And yes, the world is uniting against China, as more die from its deadly virus.  China must be brought to its knees, crushed economically, and punished for the next twenty years at least.  And China’s rulers must be destroyed, just as the evil regimes of China’s Mao Tse-tung, the Soviet Union’s Joseph Stalin, and Germany’s Adolf Hitler vanished from the Earth.[7] 

 

 

© 2020, Timothy D. Naegele


[1]  Timothy D. Naegele was counsel to the United States Senate’s Committee on Banking, Housing, and Urban Affairs, and chief of staff to Presidential Medal of Freedom and Congressional Gold Medal recipient and former U.S. Senator Edward W. Brooke (R-Mass). He and his firm, Timothy D. Naegele & Associates, specialize in Banking and Financial Institutions Law, Internet Law, Litigation and other matters (see www.naegele.com and Timothy D. Naegele Resume-20-3-10). He has an undergraduate degree in economics from the University of California, Los Angeles (UCLA), as well as two law degrees from the School of Law (Boalt Hall), University of California, Berkeley, and from Georgetown University. He served as a Captain in the U.S. Army, assigned to the Defense Intelligence Agency at the Pentagon, where he received the Joint Service Commendation Medal (see, e.g., https://en.wikipedia.org/wiki/Commendation_Medal#Joint_Service). Mr. Naegele is an Independent politically; and he is listed in Who’s Who in America, Who’s Who in American Law, and Who’s Who in Finance and Business. He has written extensively over the years (see, e.g., www.naegele.com/whats_new.html#articles), and can be contacted directly at tdnaegele.associates@gmail.com

[2]  See https://naegeleblog.wordpress.com/2020/04/14/what-price-victory-in-the-coronavirus-war/ (“What Price Victory In The Coronavirus War?”); see also https://naegeleblog.wordpress.com/2020/04/07/why-should-the-world-trust-china-ever-again/ (“Why Should The World Trust China Ever Again?”)

[3]  See https://en.wikipedia.org/wiki/Chernobyl_disaster (“Chernobyl disaster”)

[4]  See https://naegeleblog.wordpress.com/2020/04/14/what-price-victory-in-the-coronavirus-war/ (“What Price Victory In The Coronavirus War?”)

[5]  See https://www.economist.com/leaders/2020/04/16/is-china-winning (“Is China winning?”) (article citations omitted)

[6]  See, e.g., https://www.dailymail.co.uk/news/article-8215511/China-takes-advantage-USS-Roosevelt-crippled-coronavirus-send-jets-close-Taiwan.html (“China takes advantage of USS Roosevelt being crippled by coronavirus to send jets close to Taiwan”)

[7]  See https://naegeleblog.wordpress.com/2010/02/06/the-silent-voices-of-stalin%E2%80%99s-soviet-holocaust-and-mao%E2%80%99s-chinese-holocaust/ (“The Silent Voices Of Stalin’s Soviet Holocaust And Mao’s Chinese Holocaust”)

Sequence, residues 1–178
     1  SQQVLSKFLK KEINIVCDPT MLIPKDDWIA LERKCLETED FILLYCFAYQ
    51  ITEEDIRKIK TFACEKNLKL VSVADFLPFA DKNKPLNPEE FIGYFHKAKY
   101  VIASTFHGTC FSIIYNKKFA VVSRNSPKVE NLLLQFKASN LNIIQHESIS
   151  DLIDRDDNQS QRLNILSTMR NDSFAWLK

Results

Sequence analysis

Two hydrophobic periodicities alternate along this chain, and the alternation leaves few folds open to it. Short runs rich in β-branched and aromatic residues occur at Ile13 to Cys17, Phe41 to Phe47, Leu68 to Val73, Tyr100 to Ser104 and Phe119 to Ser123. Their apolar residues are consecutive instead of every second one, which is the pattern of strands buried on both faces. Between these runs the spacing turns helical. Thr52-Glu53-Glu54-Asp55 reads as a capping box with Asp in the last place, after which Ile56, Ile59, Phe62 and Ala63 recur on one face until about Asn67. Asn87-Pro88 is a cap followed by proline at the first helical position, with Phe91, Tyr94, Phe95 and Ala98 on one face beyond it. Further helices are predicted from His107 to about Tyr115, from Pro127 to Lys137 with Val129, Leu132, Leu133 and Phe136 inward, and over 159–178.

What Price Victory In The Coronavirus War?

14 04 2020

  By Timothy D. Naegele[1]

China’s authoritarian leader, Xi Jinping, is the face of America’s enemy today, and the enemy of  free people around the world.  No mercy should be shown to him, or to his despotic thoroughly-evil regime.

Reparations must be paid by China to Americans; U.S. businesses and other organizations, both large and small; our federal, state and local governments; and to the world for the Coronavirus—which will likely run into many trillions of dollars. Nothing less will suffice.  Or a global boycott of China must be instituted and implemented. 

As I have written:

China unleashed the deadly Coronavirus on the world—intentionally (as a bioweapon) or inadvertently—and it is responsible for so much suffering. It must be brought to its knees, crushed economically, and punished for the next twenty years at least. This is how long cars manufactured by the Japanese and Germans were effectively boycotted by Americans, after their savagery in World War II ended.[2]

Pat Buchanan—an adviser to Presidents Richard Nixon, Ronald Reagan and Gerald Ford, and a former GOP presidential aspirant himself—has written: 

The same day the number of U.S. dead from the coronavirus disease hit the 15,000 mark, we also crossed the 15 million mark on the number of Americans we threw out of work to slow its spread and “bend the curve.”

For each American lost to the pandemic, 1,000 Americans have lost their jobs because of conscious and deliberate decisions of the president and 50 governors.

Some 60,000 citizens, we are told, will likely be lost in this pandemic. Are we prepared to accept 60 million unemployed to “mitigate” those losses?

What price victory in this good and necessary war to kill the virus? Is it unseemly or coldhearted to ask?

At what point do we “declare victory and get out,” as one senator told us to do in Vietnam, rather than continue to sustain the U.S. war dead, even if that meant South Vietnam would fall to our common enemies?

Economists at J.P. Morgan are forecasting that the U.S. gross domestic product will fall by 40% this spring and unemployment will reach 20% of the labor force this month.

These are numbers not seen since the Great Depression.